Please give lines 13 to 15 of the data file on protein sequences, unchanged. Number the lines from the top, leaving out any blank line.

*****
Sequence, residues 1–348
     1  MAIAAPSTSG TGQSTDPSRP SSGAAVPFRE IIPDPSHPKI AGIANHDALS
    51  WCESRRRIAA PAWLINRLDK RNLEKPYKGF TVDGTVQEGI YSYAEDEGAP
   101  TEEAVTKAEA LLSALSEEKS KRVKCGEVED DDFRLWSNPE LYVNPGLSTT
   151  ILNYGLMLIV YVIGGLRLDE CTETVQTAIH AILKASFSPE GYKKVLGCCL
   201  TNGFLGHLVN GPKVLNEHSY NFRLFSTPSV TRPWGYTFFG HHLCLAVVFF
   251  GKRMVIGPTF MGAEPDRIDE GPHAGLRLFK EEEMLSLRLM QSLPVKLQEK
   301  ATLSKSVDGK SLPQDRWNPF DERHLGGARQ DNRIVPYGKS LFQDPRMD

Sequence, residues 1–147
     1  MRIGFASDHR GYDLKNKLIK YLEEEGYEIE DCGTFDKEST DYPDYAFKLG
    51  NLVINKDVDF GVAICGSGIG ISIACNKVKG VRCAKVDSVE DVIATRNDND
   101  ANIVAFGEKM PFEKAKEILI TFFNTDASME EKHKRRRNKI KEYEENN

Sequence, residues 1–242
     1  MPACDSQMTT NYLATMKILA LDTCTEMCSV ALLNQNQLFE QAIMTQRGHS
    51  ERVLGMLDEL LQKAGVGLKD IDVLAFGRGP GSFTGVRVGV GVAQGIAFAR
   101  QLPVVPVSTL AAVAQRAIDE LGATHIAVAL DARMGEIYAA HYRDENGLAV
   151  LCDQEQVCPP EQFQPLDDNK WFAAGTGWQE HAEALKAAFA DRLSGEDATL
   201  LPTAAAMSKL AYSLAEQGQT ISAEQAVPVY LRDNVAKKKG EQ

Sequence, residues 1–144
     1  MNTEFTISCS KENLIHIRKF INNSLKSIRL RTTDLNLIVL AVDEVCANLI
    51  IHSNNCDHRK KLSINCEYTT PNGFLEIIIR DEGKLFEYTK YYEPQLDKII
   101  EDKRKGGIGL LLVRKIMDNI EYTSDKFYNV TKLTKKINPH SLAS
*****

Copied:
Sequence, residues 1–242
     1  MPACDSQMTT NYLATMKILA LDTCTEMCSV ALLNQNQLFE QAIMTQRGHS
    51  ERVLGMLDEL LQKAGVGLKD IDVLAFGRGP GSFTGVRVGV GVAQGIAFAR